Primary Sources on Copyright (1450-1900)
Commentary on Shchmelkes Responsum (1899)
Neil W. Netanel
School of Law, University of California at Los Angeles, USA
1. Full title
Responsa Beit Yitzhak, Yoreh De'ah, Part 5, No. 75 (1899)
Yitzhak Schmelkes (1828-1906) sharply criticized Joseph Saul Nathanson’s recognition of authors’ perpetual property rights in their original works and posited that rabbinic courts must respect authors’ rights under secular law.
3. Schmelkes Responsum
Yitzhak Schmelkes (1828-1906) was the head of the rabbinic court of Przemysl, in Austrian Galicia, in the late nineteenth century. A native of Lemberg, Schmelkes had been a student of Joseph Saul Nathanson (1808-1875). Nathanson’s 1860 seminal Ruling in Matter of Yoreh De'ah appears, together with Commentary, in the Jewish Law section of Primary Sources on Copyright. In that ruling, Nathanson posited that authors have perpetual property rights in their original works. In turn, Schmelkes authored two influential responsa that were sharply critical of Nathanson’s recognition of perpetual author’s rights.
Schmelkes held that an author’s heirs have the exclusive right to publish their father’s yet unpublished manuscript. Indeed, Schmelkes posited, even if the author printed the book in his lifetime but has yet to sell his first printing, it is forbidden for another person to reprint the book and thus cause economic loss to the author’s heirs.
In sharp contrast to Nathanson, however, Schmelkes’s recognition of an exclusive right in the author’s heirs is limited to the right to print manuscripts and reprint books that have not yet been sold. But if the author has already sold his books, the situation is entirely different in Schmelkes’s view. When copies of an author’s book have been printed and sold, the author has already made his views public. Other people are then freely entitled to learn from and teach them. In Schmelkes’s view, moreover, once the author has sold his books, the rabbinic principle of “the jealousy of scholars increases wisdom” dictates that another may bring benefit to the people of his generation by printing and selling more books with the same content, but for a cheaper price. Once the author has recovered his initial investment, competition in publishing the book enhances the dissemination of Jewish learning.
As to Nathanson’s holding that authors have a property right under Jewish law, Schmelkes stated: “With all due respect …, I see no proof for this opinion.” To the contrary, once an author has sold his first printing, he must share his knowledge freely rather than attempting to profit from it. “For the Torah is compared to water, from which one may draw freely without charge.”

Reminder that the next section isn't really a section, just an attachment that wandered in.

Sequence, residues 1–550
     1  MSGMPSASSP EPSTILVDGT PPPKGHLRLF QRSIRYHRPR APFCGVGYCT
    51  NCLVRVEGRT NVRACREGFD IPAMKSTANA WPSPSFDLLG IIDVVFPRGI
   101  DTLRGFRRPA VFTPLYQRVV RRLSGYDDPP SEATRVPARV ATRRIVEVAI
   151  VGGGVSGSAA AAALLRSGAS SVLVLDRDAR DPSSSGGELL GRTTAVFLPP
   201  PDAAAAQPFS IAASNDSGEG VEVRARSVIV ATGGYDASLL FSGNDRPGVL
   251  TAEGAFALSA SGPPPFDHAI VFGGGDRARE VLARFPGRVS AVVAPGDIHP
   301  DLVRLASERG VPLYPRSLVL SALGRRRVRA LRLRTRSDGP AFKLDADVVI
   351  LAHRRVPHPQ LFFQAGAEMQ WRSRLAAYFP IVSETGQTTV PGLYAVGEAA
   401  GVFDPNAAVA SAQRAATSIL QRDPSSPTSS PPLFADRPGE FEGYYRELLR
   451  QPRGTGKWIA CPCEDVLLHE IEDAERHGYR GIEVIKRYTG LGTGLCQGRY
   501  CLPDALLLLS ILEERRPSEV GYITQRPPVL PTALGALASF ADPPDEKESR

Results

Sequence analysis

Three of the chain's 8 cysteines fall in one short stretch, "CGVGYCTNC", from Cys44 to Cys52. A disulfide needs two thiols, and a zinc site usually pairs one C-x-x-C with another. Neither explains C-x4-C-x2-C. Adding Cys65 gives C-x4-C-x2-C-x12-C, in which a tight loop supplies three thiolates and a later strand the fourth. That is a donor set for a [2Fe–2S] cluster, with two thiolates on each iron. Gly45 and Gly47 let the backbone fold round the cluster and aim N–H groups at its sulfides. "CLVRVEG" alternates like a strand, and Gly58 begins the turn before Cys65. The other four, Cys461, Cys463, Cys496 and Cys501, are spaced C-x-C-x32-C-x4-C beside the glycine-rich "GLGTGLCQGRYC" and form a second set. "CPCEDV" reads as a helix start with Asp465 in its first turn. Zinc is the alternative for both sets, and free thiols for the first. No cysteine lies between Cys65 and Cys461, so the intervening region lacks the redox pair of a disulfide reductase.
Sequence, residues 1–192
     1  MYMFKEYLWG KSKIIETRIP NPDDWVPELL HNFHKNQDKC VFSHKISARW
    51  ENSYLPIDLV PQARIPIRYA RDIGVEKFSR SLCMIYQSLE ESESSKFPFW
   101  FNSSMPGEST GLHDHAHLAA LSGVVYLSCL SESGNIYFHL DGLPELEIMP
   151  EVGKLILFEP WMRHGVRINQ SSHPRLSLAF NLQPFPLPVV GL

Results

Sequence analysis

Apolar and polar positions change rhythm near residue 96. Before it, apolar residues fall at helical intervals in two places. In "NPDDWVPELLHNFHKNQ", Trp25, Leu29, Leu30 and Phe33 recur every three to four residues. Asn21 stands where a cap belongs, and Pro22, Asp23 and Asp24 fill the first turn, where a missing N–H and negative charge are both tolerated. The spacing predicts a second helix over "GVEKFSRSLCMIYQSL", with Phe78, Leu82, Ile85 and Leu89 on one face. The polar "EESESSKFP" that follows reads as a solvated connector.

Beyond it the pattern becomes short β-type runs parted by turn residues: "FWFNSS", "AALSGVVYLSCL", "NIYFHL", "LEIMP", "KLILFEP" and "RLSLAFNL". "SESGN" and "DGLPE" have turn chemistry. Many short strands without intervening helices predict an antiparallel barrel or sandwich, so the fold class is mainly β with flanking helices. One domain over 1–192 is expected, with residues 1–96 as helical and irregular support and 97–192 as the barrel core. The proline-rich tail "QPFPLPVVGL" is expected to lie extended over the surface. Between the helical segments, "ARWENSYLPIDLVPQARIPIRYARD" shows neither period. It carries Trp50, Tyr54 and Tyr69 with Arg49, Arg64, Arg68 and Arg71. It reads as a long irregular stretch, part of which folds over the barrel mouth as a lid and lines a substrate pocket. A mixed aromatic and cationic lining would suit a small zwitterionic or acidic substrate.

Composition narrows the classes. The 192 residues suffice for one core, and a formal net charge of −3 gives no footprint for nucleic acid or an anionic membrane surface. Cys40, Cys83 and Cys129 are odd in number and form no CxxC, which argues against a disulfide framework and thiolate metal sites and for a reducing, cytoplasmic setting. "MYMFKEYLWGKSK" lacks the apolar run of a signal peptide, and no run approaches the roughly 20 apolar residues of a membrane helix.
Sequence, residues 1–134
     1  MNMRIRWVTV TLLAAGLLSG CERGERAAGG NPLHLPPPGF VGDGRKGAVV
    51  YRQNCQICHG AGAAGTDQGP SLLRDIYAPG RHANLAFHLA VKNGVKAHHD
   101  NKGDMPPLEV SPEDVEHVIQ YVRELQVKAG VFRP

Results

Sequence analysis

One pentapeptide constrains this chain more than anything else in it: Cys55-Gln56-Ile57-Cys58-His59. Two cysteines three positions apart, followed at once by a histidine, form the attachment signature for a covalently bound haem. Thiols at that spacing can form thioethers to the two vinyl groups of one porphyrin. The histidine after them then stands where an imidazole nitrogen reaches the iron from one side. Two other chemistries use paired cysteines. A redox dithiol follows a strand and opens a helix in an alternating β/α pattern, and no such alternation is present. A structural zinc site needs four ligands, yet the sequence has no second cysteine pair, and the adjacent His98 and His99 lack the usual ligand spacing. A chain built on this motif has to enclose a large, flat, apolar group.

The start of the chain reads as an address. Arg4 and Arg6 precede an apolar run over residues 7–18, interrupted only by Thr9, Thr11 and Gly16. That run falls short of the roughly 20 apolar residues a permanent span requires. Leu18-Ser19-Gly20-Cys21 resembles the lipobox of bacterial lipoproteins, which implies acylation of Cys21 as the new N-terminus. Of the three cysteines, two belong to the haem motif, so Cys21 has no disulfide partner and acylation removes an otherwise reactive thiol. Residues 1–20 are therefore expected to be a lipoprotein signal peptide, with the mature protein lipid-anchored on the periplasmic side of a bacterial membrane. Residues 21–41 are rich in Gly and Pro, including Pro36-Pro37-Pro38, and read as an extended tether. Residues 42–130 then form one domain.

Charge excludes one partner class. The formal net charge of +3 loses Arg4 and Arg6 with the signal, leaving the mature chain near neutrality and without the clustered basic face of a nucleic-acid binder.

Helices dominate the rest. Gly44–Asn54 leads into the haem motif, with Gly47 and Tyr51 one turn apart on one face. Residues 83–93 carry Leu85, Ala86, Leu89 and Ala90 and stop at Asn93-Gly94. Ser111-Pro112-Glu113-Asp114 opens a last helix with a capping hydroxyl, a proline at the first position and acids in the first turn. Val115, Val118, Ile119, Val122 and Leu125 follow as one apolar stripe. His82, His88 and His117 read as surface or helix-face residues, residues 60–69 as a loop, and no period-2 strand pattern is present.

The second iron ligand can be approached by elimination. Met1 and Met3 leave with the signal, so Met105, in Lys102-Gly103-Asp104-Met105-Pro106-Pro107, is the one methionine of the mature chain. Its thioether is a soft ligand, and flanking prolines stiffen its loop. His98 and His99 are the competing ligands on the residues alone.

Schmelkes did recognize that authors and their heirs may have rights under secular copyright law that rabbinic courts must respect. He states that “under the Jewish law principle of ‘the law of the sovereign is the law,” even when the secular law runs contrary to the Torah [i.e., the fundamentals of Jewish law], we must defer to secular in commercial matters unless doing so would impose an economic loss.”
Notably, both Nathanson and Schmelkes looked to secular copyright law for a means by which authors and publishers of books of Jewish learning could have recourse to rabbinic authorities for protections against reprinting. Yet, the two rabbinic authorities took diametrically opposed positions on the role of secular copyright law in that endeavor. Nathanson rejected Shmuel Valdberg’s earlier ruling that, in the absence of an enforceable reprinting ban, an author and his assigns have rights only under secular copyright law. Instead, Nathanson took inspiration from secular copyright’s recognition of an author’s right of literary property and incorporated that principle into Jewish law. In contrast, Schmelkes gave recognition to secular copyright law without incorporating it into Jewish law per se. For him, the right to prevent reprinting even after the author had sold his initial print run lay only in secular law. And it was only by virtue of the Jewish law principle, the law of the sovereign is the law (together with the associated custom of respecting secular copyright law), that Jewish law would accord protection against such reprinting.
This commentary draws heavily on the much fuller discussion in Netanel, N., From Maimonides to Microsoft: The Jewish Law of Copyright Since the Birth of Print (New York: Oxford University Press, 2016), pp. 215-235.